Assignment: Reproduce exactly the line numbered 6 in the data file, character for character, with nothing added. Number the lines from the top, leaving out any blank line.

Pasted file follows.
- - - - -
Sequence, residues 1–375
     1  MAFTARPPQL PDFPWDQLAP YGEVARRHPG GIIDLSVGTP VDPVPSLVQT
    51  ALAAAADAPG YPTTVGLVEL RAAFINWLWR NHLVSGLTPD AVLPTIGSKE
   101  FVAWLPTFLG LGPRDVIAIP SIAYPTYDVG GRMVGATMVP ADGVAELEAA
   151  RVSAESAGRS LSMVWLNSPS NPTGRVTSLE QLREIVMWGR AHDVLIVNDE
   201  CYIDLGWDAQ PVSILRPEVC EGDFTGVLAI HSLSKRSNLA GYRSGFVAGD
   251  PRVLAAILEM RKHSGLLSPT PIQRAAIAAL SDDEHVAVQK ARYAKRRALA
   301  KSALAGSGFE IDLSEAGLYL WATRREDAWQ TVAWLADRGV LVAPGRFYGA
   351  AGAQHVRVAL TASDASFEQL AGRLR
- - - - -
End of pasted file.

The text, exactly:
   201  CYIDLGWDAQ PVSILRPEVC EGDFTGVLAI HSLSKRSNLA GYRSGFVAGD